Cherish your practice

 

I have many people ask me, do you think I should do my Yoga Teacher training? The question I always ask in return is this: Why do you want to do it? Like pursuit or undertaking, It all comes back to your why, and your expectations as to what will be the result of the training. What is driving this desire?

The advent of yoga teacher training seems to have become somewhat of a right of passage for anyone who experienced the life changing effects of yoga on a personal level. It’s not uncommon for students who have may have only been practising less than a year to be so drawn to the magic it creates, to pursue what feels like the next logical step in their yoga journey. To do their teacher training. To fly to exotic places, get immersed in the practice for a month, feel it’s magic and return back ready to share the love. 

There is such an array of yoga teacher training programs, and more prevalent than ever before. Its a pretty lucrative business, especially given the current popularity of yoga. There are so many incredible outcomes of a yoga teacher training program, life changing, transformative, and awakening. It can completely transform your relationship to your practice in many wonderful ways. Equally it can transform your practice but not always for the better. When commit to teaching yoga, you are never purely a student again. Your responsibility to your students weighs in on your own personal practice, as does your duty of care, to be able to really hold the space for your students, to have them push their edges, to guide them through your own example, in life and in practice.

Having said all this, with the emergence of yoga studios like hair salons, gone are the days of committing and honouring one teacher, one school, and letting it’s wisdom and verbal lineage filter to you in its pure essence.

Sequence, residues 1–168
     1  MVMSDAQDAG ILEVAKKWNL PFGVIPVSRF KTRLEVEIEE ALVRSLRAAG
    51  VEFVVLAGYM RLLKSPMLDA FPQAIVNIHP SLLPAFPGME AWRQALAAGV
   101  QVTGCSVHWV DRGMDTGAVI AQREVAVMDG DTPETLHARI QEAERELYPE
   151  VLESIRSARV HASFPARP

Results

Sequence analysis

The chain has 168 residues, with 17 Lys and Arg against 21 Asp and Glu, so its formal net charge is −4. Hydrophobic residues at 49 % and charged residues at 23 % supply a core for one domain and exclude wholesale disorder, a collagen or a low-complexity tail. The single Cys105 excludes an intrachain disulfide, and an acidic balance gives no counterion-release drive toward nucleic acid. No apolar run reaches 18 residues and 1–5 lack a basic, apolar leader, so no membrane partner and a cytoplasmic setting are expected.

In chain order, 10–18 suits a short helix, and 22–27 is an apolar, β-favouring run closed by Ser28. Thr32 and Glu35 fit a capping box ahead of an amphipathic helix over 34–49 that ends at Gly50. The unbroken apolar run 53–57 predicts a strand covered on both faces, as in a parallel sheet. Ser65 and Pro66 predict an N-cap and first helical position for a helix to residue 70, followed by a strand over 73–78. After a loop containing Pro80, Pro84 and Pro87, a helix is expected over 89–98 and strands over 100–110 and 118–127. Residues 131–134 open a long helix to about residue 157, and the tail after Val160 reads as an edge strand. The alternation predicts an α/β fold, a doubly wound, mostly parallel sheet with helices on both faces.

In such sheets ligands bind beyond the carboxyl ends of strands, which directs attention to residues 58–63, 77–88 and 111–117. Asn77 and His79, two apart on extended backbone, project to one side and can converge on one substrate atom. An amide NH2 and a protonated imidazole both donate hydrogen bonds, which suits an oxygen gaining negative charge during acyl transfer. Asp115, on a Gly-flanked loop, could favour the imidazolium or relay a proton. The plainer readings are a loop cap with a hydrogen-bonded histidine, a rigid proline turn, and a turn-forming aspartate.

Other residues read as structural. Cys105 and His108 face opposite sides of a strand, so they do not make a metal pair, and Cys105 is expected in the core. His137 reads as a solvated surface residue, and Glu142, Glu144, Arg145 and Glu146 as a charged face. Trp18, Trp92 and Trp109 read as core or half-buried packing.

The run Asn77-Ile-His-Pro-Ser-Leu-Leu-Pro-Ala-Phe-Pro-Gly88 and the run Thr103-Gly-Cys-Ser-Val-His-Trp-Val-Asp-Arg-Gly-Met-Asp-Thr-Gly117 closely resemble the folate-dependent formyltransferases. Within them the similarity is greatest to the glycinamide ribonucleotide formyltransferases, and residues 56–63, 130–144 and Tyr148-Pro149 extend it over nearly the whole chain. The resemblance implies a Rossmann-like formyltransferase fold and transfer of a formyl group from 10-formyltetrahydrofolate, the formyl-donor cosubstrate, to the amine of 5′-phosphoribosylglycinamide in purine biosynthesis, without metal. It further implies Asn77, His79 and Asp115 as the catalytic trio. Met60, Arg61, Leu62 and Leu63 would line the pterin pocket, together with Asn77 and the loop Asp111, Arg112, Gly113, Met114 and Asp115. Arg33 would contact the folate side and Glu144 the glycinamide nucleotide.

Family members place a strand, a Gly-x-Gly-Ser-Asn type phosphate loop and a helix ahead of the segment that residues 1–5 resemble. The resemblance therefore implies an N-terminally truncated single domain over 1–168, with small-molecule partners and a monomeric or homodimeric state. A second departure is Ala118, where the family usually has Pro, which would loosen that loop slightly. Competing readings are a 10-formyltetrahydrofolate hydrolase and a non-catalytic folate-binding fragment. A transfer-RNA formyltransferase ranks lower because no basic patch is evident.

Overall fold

If you are called to teach yoga to inspire change in others (and this is the common motivator for many yoga teachers), it’s more than likely you will open them up to some hidden truths that exist within your students. Strong emotions, awakenings and realisations surface, you have to be committed to holding the space for them, for whatever comes up. More often than not these emotions and energies surface without the spoken word. But you will feel it. Our yoga practice is there for us to be challenged towards change, to be taken from outside comfort zones, to be guided into new depths of possibility, and to shed lifetimes of samskaras (pattering). Those changes won’t take place, is as teachers we are not able to lovingly set these challenges, guide them into their edges towards new depths. 

The 3rd limb of practice (asana) or physical practice exists for us to push against the edges within our bodies, the practice should challenge, it should stir emotions and  elicit true change. It requires work, commitment, healthy discomfort, consistency, discipline and longevity. Otherwise yoga practice becomes a space to simply make shapes with you body, sweat a bit and ultimately stay in your comfort zone. Good for the body, but what about the soul?